Originating in Europe, the term “Lower House” has been the term used by many parliaments all over the world to describe the specific body or aggrupation of legislators elected in the different political (geographical) subdivisions of the state. In theory, the members of the Lower House generally have more contact, sensitivity and feel for the aspirations, needs and nuances of their consituencies and as such, in many countries in the world, the Lower House has weilded more power than the Upper House.

    However, during the era when the monarchy, assisted by the aristocracy was the central source of political power, the Upper House – usually composed of the landed and moneyed aristocracy close to the monarch – had greater political power than the Lower House . However, there were many instances in the history of parliamentary government that the aristocracy were at odds with the crown. Remnants of this system can be gleaned in the political history of Japan and the United Kingdom.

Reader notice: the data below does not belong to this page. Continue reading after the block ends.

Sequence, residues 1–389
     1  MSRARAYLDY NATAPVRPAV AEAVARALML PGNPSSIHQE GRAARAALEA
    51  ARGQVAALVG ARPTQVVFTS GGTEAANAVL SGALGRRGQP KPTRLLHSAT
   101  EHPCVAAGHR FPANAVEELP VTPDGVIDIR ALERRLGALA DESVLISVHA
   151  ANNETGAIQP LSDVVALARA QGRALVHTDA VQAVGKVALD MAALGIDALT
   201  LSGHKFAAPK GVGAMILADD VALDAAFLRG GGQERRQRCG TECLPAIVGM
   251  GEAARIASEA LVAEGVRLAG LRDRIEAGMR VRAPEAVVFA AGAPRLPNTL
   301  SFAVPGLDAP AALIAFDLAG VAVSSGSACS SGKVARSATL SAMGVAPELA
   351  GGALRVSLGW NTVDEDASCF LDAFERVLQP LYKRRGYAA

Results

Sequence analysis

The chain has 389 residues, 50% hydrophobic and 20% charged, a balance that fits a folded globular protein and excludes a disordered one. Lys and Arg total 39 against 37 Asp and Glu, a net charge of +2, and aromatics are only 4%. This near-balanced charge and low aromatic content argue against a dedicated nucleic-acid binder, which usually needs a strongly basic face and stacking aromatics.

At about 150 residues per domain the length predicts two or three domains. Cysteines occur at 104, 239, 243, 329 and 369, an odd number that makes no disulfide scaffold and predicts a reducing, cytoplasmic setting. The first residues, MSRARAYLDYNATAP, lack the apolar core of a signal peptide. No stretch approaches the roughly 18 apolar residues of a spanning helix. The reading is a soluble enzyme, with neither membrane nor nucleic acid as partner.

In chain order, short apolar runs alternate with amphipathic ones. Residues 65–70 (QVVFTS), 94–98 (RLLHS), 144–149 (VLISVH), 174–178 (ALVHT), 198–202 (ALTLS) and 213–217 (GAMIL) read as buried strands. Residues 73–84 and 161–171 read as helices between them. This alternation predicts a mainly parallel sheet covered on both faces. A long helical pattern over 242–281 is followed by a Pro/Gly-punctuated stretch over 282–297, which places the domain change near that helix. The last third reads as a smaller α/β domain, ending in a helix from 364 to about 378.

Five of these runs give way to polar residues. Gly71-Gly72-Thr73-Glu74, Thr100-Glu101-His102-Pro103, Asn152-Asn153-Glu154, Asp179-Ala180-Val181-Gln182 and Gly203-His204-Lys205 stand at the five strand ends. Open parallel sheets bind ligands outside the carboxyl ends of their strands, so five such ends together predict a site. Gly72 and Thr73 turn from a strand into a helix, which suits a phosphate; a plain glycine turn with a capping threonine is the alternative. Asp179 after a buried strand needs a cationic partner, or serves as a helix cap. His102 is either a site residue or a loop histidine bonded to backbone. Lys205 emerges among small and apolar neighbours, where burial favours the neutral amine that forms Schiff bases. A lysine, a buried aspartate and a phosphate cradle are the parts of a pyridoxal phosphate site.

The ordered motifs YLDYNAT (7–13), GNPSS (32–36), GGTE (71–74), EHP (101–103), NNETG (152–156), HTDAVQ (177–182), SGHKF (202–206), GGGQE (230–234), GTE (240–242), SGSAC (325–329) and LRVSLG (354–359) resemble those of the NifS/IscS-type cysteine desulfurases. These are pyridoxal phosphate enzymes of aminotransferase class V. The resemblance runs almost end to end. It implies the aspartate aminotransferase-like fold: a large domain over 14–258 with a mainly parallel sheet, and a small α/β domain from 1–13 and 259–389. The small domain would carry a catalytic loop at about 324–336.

In the United Kingdom, since the turn of the 20th century all prime ministers and cabinet were members of the House of Commons – the Lower House of the British government as opposed to the House of Lords – the Upper House where members acquire their position through hereditary succession or by special appointment by the Crown but in reality have no real political power. The same holds true in the Japanese Diet – the Lower House of Japan where the prime minister is elected from and from whom the prime minister likewise choose his cabinet.